Girish Mahajan (Editor)

Rassvet (ISS module)

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Launch vehicle  Space Shuttle Atlantis
Undocked  N/A
Diameter  2.35m
Launch date  14 May 2010
Docked  May 18
Reentry  2020+
Mass  5,075 kg
Rassvet (ISS module) Rassvet Joins ISS SpaceRef
Living volume  Total:17.4 m Pressurized:5.85m
Similar  Poisk, Zarya, Nauka, Unity, Leonardo

Rassvet (Russian: Рассве́т; lit. "dawn"), also known as the Mini-Research Module 1 (MRM-1) (Russian: Малый исследовательский модуль, МИМ 1) and formerly known as the Docking Cargo Module (DCM), is a component of the International Space Station (ISS). The module's design is similar to the Mir Docking Module launched on STS-74 in 1995. Rassvet is primarily used for cargo storage and as a docking port for visiting spacecraft. It was flown to the ISS aboard Space Shuttle Atlantis on the STS-132 mission on May 14, 2010, and was connected to the ISS on May 18. The hatch connecting Rassvet with the ISS was first opened on May 20. On 28 June 2010, the Soyuz TMA-19 spacecraft performed the first docking with the module.


Rassvet (ISS module) MiniResearch Module 1 MIM1 Rassvet MRM1


Rassvet (ISS module) httpsuploadwikimediaorgwikipediacommonsthu

Rassvet was docked to the nadir port of Zarya with help from the SSRMS. Rassvet carried externally attached outfitting equipment from NASA for the Nauka Multipurpose Laboratory Module (MLM), a spare elbow joint for the European Robotic Arm, and a radiator. Delivering Rassvet thus enabled NASA to fulfill its promise to ship 1.4 metric tons to equip the MLM.

Rassvet (ISS module) FileISS41 Yelena Serova floats through the Rassvet modulejpg

Rassvet has two docking units: one to attach to the nadir port of the Zarya module, and one to provide a docking port for a Soyuz or Progress spacecraft. It implements the role of the Docking and Stowage Module from the original ISS design. Russia announced the cancellation of the last of the two planned Russian Research Modules when it announced the plans for Rassvet.

Initial planning

Rassvet (ISS module) Rassvet MRM1 Module

The initial ISS plan included a Docking and Storage Module (DSM). This planned Russian element was intended to provide facilities for stowage and an additional docking port, and would have been launched to the station on a Proton launch vehicle. The DSM would have been mounted to Zarya's nadir (Earth-facing) docking port. It would have been similar in size and shape to the Zarya module.

Rassvet (ISS module) Rassvet ISS module WOWcom

The DSM was cancelled due to Russian budgetary constraints for some time, but its design was eventually modified into the Docking and Cargo Module (Rassvet) that was to be connected to the same Zarya location to provide stowage space and a docking port. During the cancellation period, it was proposed that a Multi Purpose Module (MPM) called Enterprise should be docked to Zarya, and later the Multipurpose Laboratory Module (MLM) was proposed to be located there as well, but the Enterprise module has since been cancelled and the MLM will be docked to Zvezda's nadir port instead.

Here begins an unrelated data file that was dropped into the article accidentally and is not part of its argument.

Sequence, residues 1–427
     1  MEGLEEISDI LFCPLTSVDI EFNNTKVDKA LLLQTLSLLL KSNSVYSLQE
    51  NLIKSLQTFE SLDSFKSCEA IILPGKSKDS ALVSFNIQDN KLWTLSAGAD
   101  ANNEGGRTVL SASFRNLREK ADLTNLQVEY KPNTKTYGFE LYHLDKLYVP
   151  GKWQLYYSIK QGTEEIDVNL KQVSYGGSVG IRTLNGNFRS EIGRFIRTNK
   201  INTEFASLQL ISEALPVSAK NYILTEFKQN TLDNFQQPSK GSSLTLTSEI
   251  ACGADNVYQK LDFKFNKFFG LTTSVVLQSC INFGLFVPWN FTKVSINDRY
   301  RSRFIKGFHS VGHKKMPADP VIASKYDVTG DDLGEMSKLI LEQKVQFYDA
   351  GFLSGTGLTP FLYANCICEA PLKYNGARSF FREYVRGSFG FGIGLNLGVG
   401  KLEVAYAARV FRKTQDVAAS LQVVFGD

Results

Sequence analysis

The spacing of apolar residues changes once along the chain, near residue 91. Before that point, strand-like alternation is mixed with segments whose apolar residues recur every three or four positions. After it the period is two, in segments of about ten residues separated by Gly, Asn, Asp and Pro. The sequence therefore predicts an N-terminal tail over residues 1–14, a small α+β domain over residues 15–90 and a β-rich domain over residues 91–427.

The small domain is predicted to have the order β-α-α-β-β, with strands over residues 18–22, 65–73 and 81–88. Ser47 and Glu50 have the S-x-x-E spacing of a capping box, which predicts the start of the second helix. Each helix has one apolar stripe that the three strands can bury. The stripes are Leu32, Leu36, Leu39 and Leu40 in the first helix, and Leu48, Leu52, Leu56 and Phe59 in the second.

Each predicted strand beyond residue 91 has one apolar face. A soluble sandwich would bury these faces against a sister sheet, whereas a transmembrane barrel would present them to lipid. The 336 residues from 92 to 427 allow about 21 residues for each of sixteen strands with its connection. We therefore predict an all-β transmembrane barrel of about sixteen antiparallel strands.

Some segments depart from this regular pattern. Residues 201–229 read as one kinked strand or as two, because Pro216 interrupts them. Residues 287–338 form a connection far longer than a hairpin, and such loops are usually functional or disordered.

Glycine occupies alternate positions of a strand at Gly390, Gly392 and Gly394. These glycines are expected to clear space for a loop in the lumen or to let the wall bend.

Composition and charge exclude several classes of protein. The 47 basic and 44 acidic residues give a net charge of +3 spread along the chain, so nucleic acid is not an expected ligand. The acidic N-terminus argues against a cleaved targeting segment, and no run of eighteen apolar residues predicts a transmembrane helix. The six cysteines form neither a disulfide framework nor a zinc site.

Rassvet was designed as a solution to two problems facing the ISS partners:

  1. NASA was under contract to carry the MLM outfitting equipment into space.
  2. The overlapping missions of the Progress, Soyuz, and ATV spacecraft highlighted the need to have four Russian docking ports available on the ISS. The cancellation of both Russian Research Modules meant that the ISS would be left with just three such docking ports after the installation of the Permanent Multipurpose Module in 2011, which made the nadir port of Zarya unusable.

Rassvet solved both of these issues. NASA did not need to add another payload flight to accommodate the MLM outfitting equipment, as it could attach the hardware to the exterior of MRM-1. The ISS now had 4 docking ports available on the Russian segment: the aft port of Zvezda, the port of Pirs, later MLM (on the nadir port of Zvezda), the port of MRM-2 (on the zenith port of Zvezda), and the port on MRM-1 (on the nadir port of Zarya). Russia's cancellation of the Research Module thus came to be of less consequence for the ISS program as a whole.

Design and construction

The module was designed and built by S.P. Korolev RSC Energia, from the already-made pressurized hull of the mock-up for dynamic tests of the canceled Science Power Platform.

On December 17, 2009, an Antonov An-124 carrying the Rassvet Module and ground process equipment arrived at the Kennedy Space Center in Florida. Upon unloading, the equipment was delivered to a prelaunch processing facility run by the Astrotech. Energia specialists and technicians continued their work on the processing of the Rassvet module at the facility, completing stand-alone electrical tests and leak tests of the module and the airlock. They also prepared the airlock and the radiative heat exchanger for installation onto Rassvet. The module was moved to NASA's Space Station Processing Facility on April 2, 2010. After completing the final touches, it was placed into the shuttle payload transporter on April 5, 2010. The payload canister containing the Rassvet Module arrived at Launch Pad 39A on April 15, 2010.

Engineers at Launch Pad 39A preparing Space Shuttle Atlantis had noticed paint peeling from the MRM-1 module. Although the problem was declared to have no impact on the operation of Rassvet, it posed a potential threat of releasing debris on orbit.



Visited spacecraft

Rassvet was connected to nadir port of Zarya on May 18, 2010.


Rassvet (ISS module) Wikipedia

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